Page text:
My plans beyond the CAG Prize residency, which is set to take place in March 2024, include my participation in Gallery Gachet's BIPOC New Media Screen mentorship program. This program begins later this month, and throughout it I will be creating a short film, without audio. The release of this work is set for May 2024, so keep an eye out for the opening date if you're interested in seeing the finished work. I will also be screening my film "A Sequence of Moving Pixels" (2023), with F-O-R-M Festival's public screens programs, so that will be on view throughout Nov 2023 in both the SCA Woodwards campus and on the Mount Pleasant Community Screen by grunt gallery. Another upcoming project that I am beyond excited about is an artist residency with Lobe Studio, through which I will be creating a super trippy immersive audio-based work with an accompanying CRT video installation. This project will also feature collaborations with other SCA alumni/students, including Liam Murley (music) and Viviane Wu (performance). The presentation for this work is currently set for June 15 and 16 2024, so if this sounds interesting to you, save the dates. For future updates about these works and new projects, please feel free to follow my Instagram page (@yelllo.www) and/or check out my website (kailabhullar.com).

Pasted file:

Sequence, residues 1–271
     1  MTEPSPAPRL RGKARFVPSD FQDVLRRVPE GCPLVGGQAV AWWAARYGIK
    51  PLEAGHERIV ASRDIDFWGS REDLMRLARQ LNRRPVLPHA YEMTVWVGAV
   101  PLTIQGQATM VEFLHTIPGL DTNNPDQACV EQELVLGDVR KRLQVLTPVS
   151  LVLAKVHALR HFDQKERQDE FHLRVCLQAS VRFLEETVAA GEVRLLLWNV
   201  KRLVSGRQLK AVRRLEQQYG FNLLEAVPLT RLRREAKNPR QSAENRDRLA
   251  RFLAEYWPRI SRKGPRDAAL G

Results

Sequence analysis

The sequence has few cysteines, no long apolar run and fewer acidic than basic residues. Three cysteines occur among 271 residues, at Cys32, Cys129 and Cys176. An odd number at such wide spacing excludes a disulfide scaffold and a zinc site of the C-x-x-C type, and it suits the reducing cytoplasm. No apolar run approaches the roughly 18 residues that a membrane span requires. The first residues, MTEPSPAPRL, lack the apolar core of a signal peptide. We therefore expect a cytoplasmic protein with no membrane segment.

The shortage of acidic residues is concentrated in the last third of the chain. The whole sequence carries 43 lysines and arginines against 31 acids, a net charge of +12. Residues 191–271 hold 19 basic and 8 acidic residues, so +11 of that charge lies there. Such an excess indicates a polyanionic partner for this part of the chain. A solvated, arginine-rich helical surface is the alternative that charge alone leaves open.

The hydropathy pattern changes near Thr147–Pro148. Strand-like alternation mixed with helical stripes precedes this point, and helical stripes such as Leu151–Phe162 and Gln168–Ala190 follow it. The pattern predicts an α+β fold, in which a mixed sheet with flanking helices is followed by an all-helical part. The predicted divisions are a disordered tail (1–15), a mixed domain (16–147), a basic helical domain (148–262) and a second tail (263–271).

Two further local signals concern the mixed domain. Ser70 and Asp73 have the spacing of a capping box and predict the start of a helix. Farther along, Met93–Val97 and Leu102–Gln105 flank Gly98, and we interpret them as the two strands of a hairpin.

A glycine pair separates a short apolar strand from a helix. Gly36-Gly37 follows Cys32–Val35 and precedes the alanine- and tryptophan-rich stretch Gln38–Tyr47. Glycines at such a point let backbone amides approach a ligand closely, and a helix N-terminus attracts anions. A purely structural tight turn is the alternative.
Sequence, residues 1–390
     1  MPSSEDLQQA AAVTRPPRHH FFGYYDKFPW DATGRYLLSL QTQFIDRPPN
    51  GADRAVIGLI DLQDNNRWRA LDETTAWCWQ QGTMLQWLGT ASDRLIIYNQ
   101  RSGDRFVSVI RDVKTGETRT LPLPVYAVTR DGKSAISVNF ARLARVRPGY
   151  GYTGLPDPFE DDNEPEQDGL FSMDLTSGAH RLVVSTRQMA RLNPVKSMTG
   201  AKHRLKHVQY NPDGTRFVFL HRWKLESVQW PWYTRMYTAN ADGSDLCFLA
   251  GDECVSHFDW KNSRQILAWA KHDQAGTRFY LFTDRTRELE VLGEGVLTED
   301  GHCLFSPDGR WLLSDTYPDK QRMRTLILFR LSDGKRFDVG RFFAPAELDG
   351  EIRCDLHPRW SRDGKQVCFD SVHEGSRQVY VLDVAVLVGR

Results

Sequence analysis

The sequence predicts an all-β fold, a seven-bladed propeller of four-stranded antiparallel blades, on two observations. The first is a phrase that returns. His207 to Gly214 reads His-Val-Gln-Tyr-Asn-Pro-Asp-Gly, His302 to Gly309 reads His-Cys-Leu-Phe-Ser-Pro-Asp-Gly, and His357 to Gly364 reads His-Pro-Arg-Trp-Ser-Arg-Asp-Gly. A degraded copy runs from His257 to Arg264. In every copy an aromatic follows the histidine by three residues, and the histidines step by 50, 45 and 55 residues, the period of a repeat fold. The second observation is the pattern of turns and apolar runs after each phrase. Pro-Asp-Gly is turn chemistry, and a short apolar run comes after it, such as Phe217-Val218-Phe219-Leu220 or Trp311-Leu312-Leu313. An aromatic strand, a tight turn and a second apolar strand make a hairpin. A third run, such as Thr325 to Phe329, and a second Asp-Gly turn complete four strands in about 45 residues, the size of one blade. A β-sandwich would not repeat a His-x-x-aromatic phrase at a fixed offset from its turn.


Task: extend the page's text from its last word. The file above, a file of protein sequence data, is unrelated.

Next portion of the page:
Thank you so much for this interview! Can't wait to see what my co-winner of the CAG Prize, Hana Steinwand, is planning to do throughout/after her residency as well!